AI War: Fleet Command: This is a relatively new entry for this list, but it does have more than a few little tricks up its sleeve to make up for that. The premise is simple... there was a war between two competing factions on Earth who both created AI forces to try to defeat each other. However, over time, the AI conspired with each other to try to take humanity out, which pushed the remnants of the human race together against the foe they had mutually created. I know it sounds like something out of the Matrix, but it does give the whole game a great atmosphere. Blending elements of real time strategy, tower defense and other tactical gaming, you really do get a sense at the beginning that you are fighting a hopeless battle (and the AI swatted me enough times when I was playing a little too brash for my own good). I also love the fact that when you play with other people online, they are always on the same team as you... that they have the same goal as you... to defeat the two AI forces (which each have their own unique fighting styles) and win the galaxy back for humanity.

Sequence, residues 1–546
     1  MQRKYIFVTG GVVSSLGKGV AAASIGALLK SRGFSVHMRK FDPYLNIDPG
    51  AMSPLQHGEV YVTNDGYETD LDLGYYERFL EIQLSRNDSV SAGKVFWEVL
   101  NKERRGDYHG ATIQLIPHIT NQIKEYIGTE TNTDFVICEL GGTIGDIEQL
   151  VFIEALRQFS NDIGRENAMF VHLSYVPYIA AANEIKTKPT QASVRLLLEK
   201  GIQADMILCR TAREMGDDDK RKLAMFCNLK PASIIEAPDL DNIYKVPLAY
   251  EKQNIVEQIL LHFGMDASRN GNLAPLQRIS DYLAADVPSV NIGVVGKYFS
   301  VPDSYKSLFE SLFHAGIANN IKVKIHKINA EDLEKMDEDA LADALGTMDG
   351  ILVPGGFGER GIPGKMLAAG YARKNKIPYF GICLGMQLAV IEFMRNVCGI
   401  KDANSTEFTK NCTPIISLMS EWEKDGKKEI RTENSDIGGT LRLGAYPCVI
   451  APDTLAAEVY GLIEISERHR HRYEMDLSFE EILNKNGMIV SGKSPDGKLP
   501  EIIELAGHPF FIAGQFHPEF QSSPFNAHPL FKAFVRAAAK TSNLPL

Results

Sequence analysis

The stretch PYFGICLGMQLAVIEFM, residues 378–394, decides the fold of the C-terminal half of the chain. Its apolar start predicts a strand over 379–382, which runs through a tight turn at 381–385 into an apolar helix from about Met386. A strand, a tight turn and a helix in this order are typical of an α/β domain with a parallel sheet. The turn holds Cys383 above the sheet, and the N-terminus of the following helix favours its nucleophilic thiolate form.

The Binding of Isaac: There are a few phrases that I can use to describe this game. Gross. Blasphemous. Zelda-clone. Rogue-like. And yet, they don't really get down to the essence of what makes this game so fun (and at times frustrating). With its cartoonish graphics about a child escaping from the mother who wishes to sacrifice him to God through the underworld beneath his home, it's charm is easy to see, and it is clearly a game designed with a perverse sense of humor, and the fact that it mimics a lot of the aesthetics of the original Legend of Zelda is also a huge selling point. But what makes this a stand out title for me is the fact that every time you play it, the dungeon changes, as do the powerups you find, which gives the game a lot of replay value. Add to that the choice that you only have one life with no continues, which increases the difficulty, and you can see why this game might also be maddening. So if you don't mind a lot of blasphemous content in your games, you will probably enjoy this game.